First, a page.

Tax Issues That May Impact Your 2020 Return

 

The year 2020 has been full of many unforeseen circumstances and challenging aspects. With the end of the year around the corner, it’s important to know what you should be looking ahead to in terms of taxes. It’s no secret that 2020 returns will be somewhat of a difficult and different task to take on. Knowing what to look for is key. The following is a list of tax issues that can affect your 2020 returns, due April 2021.

 

Teleworking: Whatever income you earn, you pay taxes on, as well as the state you live in and the state you work in. Because of the spread of COVID, many businesses sent employees home to work to slow the spread. These workers may end up paying taxes to two jurisdictions. This could occur if you’ve moved your residence, even temporarily, but your income is still derived from work done for a company located elsewhere.

 

Relaying to your employer to withhold taxes for the appropriate states, will help prevent an unexpected tax bill. Know that by working even one day in another state, could result in taxation.

 

Payroll tax: As businesses try to regain their footing in the early months of 2021, many employees could see a pay cut as the economy tries to restabilize from the coronavirus-related tax break signed August 8.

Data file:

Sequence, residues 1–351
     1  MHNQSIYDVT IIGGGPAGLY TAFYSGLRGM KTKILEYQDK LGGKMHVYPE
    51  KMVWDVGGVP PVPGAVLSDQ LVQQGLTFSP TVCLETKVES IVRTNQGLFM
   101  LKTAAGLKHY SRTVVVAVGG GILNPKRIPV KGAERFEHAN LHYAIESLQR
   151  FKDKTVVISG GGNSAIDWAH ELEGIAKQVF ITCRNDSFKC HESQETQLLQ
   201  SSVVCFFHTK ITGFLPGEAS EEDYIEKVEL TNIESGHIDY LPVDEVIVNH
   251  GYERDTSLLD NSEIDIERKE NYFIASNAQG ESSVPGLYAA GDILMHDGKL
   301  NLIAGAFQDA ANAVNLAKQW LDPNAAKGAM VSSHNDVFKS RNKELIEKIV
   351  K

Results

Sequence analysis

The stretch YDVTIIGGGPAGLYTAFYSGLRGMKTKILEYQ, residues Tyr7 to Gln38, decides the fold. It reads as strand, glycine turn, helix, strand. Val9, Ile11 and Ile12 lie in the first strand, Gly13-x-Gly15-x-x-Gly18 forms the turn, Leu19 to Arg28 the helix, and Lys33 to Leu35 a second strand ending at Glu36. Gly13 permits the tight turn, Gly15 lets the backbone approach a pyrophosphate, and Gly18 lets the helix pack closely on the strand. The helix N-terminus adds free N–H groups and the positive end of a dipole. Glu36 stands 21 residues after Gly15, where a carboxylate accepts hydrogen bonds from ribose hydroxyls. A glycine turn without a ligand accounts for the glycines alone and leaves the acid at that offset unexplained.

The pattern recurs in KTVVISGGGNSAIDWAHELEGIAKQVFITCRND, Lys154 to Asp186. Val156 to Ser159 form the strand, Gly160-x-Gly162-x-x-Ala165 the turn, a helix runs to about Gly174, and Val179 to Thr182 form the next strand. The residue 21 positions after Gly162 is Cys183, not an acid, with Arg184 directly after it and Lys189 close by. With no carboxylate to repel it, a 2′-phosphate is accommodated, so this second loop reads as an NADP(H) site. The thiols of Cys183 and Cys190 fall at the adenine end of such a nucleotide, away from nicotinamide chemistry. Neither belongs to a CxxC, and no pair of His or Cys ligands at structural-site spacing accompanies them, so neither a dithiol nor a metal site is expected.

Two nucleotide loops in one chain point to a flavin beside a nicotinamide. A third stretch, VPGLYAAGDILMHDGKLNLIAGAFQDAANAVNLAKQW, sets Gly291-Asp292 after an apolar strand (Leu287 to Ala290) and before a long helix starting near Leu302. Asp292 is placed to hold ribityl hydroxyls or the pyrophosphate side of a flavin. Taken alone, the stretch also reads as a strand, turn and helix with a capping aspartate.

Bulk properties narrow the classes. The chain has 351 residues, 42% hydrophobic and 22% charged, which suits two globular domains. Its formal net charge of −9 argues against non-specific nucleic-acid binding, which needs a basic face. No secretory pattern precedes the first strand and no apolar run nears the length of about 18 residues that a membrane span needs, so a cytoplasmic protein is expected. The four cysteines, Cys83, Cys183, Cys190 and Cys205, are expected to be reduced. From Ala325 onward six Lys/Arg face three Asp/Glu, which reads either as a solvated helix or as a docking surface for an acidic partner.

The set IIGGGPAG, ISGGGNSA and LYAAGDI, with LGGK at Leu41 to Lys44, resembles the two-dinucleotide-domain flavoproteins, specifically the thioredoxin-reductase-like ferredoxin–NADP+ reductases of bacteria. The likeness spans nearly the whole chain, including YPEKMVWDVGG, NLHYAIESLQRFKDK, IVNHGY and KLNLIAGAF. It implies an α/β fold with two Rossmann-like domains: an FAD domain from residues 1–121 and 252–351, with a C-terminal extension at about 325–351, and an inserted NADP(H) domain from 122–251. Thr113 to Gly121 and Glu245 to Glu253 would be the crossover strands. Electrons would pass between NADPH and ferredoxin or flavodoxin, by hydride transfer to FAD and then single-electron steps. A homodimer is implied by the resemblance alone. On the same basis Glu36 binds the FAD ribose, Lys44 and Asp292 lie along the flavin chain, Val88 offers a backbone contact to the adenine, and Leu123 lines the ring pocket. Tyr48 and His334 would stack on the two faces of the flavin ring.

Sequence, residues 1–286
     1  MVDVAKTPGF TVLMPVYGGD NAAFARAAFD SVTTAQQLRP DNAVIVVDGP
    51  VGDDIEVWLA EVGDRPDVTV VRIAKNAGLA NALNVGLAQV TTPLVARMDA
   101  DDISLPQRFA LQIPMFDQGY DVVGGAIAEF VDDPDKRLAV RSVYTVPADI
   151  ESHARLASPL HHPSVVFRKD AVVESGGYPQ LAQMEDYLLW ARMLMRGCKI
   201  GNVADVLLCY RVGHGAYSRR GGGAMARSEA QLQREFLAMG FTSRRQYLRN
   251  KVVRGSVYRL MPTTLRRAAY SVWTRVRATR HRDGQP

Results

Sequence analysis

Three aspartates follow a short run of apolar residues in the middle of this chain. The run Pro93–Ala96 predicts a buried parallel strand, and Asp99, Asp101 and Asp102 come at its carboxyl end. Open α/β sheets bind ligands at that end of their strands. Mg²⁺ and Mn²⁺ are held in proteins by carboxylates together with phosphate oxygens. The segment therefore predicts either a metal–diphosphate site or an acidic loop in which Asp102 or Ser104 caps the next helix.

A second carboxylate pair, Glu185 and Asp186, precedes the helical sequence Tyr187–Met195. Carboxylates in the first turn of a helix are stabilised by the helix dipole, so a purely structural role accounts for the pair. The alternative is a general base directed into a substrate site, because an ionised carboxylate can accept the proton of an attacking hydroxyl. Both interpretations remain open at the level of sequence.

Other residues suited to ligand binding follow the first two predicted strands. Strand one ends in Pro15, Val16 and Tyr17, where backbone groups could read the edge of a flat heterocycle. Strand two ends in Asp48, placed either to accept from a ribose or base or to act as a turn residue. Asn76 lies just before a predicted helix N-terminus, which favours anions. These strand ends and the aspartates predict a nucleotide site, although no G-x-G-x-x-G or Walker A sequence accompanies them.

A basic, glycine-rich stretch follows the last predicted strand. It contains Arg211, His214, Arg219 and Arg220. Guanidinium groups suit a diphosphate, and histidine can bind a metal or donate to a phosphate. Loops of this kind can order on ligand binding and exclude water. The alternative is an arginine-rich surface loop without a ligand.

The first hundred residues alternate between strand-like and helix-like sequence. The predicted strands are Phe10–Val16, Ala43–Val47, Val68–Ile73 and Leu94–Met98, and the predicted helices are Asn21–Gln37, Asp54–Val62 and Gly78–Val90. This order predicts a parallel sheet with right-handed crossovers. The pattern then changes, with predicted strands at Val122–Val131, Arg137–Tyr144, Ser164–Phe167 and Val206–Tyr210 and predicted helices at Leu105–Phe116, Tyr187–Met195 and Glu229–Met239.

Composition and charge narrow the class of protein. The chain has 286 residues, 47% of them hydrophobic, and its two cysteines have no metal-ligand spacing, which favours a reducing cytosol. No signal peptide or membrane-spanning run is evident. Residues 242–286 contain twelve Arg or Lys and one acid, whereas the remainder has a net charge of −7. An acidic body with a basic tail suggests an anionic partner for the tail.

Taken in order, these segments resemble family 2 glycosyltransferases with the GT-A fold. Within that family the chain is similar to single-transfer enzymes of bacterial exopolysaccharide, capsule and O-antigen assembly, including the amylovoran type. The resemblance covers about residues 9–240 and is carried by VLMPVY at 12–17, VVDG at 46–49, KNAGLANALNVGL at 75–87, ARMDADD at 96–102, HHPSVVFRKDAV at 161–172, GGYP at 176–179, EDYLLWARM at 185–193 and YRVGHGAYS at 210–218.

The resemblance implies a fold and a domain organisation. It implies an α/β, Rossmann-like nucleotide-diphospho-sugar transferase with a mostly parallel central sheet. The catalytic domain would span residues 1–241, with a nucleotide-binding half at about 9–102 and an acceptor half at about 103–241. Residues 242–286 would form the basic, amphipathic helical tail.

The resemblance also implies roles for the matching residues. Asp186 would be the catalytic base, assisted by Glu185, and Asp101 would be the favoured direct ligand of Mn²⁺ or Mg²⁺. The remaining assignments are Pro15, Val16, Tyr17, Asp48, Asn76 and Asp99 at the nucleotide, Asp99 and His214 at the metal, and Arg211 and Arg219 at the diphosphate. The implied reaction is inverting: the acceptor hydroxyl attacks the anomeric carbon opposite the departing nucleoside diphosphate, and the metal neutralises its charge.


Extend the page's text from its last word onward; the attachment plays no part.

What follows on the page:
Employers were given the option to temporarily stop withholding the payroll tax on their employees starting in the month of September. The deferral will continue until the end of the year. The 6.2 percent of the employee’s income that is taxed goes toward Social Security, which pays for retirement, survivor and disability benefits. This deferral only affects employees who earn up to $4,000 every two weeks and less than $104,000 annually.

 

Home office deduction: Unfortunately, working from your couch or bed does not allow a take home office deduction. Even if an employer requires remote work due to COVID, employees cannot claim the home office deduction. The Tax Cuts and Jobs Act passed in 2017 eliminated employee business expenses on Schedule A. However, independent contractors and self-employed can still take a home office deduction.

 

The coming 2020 tax season will bring on much confusion. But we are here to help.

 

 

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